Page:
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aBritish Symphonies
4CDs £16 post-free


W.S. Bennett, Rootham, Moeran,
Bax, Rubbra, Rawsthorne, Berkeley
Alwyn, Grace Williams, Arnold, Wordsworth. Searle, Joubert

Van Dieren Chinese Symphony
Searle Symphonies 3, 5
Shaw Piano Concertos 1 and 2

£11.75 post-free

  Founder: Len Mullenger
Editor-in-Chief: Rob Barnett

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Ludwig van BEETHOVEN (1770-1827)
Symphony No. 1 in C, Op. 21 (1799-1800) [26:27]
Symphony No. 5 in C Minor Op. 67 (1807) [30:47]
Beethoven Orchester Bonn/Stefan Blunier
rec. 29-31 May 2012, Bonn

How wonderful it is to hear these two symphonies which have been so much part of my life over the years. My music teacher at school in Oxford in the late 1960s introduced us to Beethoven 1 in our music class. I was hooked, having previously only known the Pastoral, still my favourite. Right from the opening the thirty year old Beethoven is making a statement at the start of a new century. Heaven knows how many versions I’ve listened to, from the exciting Mengelberg through to Rattle, Most have been superb experiences. The only problem is that there are just so many - never too many - to chose from! With most available recordings over the past sixty years in good sound this newcomer faces fierce competition.
Stefan Blunier and his Beethoven Orchester were new to me. That said, several of their recordings have been reviewed on MWI and I read these accounts prior to listening to this disc. Their version of Number 1 is fine as it goes but some of the magic of this work was missing. The recording is also not as good as expected yet it was made only last year. Blunier seems to concentrate on detail rather than overall structure. Turning to Klemperer live in Vienna (review) and in moderate sound - which I got on the strength of my colleague John Quinn’s review - or Karajan in his 1962 cycle on DG the playing and the spirit was on a totally different level.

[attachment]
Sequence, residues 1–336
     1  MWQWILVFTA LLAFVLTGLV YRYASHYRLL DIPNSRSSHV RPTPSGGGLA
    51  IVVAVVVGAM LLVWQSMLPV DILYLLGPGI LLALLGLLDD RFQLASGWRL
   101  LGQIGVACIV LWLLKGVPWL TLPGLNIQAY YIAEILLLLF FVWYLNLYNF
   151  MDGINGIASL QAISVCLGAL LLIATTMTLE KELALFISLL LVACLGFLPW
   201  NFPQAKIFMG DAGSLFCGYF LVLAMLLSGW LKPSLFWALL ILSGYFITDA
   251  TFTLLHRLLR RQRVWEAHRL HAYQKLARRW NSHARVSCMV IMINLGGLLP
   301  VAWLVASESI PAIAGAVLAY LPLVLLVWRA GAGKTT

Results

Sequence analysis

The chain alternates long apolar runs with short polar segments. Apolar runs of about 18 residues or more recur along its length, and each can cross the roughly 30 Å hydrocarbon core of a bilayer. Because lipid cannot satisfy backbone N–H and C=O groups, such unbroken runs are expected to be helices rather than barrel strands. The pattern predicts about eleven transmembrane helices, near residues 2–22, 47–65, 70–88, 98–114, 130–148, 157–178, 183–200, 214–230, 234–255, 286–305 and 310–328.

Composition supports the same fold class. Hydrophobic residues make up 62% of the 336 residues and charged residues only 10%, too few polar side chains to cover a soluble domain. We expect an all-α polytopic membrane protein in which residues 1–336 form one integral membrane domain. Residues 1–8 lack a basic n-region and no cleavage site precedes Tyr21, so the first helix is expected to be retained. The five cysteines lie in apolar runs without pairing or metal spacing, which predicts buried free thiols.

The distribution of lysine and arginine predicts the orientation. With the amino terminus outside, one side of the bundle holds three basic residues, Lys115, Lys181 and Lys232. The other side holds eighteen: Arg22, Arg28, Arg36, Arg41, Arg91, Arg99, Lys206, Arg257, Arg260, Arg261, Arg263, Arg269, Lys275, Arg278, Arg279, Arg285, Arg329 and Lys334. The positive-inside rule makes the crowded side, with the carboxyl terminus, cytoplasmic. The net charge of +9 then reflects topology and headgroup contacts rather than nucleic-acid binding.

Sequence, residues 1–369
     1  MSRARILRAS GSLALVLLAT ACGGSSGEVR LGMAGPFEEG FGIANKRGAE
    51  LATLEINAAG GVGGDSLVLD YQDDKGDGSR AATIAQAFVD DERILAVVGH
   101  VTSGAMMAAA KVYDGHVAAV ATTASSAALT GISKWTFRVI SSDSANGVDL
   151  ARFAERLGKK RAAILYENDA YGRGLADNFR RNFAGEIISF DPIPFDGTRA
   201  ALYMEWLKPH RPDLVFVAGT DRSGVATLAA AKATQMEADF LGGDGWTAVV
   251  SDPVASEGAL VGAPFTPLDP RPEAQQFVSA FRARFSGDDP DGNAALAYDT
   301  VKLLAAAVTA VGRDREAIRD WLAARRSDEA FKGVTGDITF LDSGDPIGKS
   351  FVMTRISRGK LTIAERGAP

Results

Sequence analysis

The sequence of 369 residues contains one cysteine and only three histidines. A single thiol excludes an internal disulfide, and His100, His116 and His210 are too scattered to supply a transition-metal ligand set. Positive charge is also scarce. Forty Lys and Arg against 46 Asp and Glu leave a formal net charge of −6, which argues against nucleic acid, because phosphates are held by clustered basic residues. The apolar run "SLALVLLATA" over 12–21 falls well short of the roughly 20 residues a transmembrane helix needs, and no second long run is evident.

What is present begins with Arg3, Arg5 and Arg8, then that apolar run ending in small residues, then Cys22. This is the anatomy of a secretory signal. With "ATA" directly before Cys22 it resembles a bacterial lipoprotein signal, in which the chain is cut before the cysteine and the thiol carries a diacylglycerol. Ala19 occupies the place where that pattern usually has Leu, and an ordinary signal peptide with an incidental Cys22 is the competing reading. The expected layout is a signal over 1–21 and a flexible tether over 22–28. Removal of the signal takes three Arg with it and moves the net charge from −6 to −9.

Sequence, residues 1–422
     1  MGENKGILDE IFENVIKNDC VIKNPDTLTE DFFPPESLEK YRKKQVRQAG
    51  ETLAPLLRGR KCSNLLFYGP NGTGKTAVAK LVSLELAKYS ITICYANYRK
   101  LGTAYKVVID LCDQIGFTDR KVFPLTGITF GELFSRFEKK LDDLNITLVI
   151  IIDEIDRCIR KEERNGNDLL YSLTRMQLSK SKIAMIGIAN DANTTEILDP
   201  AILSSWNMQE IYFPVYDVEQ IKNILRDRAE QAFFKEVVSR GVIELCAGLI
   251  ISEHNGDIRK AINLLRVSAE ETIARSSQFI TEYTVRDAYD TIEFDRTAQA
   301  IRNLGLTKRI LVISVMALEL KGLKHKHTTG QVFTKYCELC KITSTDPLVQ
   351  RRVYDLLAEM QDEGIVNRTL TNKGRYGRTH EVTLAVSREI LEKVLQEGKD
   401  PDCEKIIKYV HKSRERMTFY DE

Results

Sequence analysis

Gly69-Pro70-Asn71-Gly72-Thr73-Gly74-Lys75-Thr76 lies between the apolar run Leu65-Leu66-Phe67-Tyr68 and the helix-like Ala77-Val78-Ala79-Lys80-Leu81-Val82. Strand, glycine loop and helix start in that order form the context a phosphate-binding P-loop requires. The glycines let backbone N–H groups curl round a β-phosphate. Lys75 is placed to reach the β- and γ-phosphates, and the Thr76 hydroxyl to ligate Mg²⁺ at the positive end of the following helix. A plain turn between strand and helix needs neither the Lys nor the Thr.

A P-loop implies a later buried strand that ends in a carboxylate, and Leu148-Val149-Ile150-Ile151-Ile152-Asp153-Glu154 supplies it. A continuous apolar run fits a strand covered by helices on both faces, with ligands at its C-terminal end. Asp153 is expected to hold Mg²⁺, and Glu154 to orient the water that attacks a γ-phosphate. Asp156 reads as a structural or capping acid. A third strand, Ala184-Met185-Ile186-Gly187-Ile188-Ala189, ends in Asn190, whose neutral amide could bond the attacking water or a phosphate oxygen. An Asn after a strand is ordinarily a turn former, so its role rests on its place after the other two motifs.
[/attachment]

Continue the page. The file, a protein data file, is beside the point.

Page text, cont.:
Blunier’s Beethoven 5 is a better performance and one which I enjoyed. The Bonn orchestra are certainly fine players and hearing them in the concert hall would be a joy. Disconcertingly Blunier doesn’t take the recapitulation in the final movement and that just sounds wrong here. For comparison I returned to Carlos Kleiber’s famous recording on DG and was struck by the power and sense of occasion. The sound too of the VPO from the 1970s is still excellent.
In the end even if the Beethoven market weren’t saturated it would be difficult to be very positive about this record. Even so, I was very pleased to hear this very good orchestra and these works again. The performances are fine as far as they go and at budget price would be worthy of a listen. Sadly, at full price they cannot be recommended.
David R Dunsmore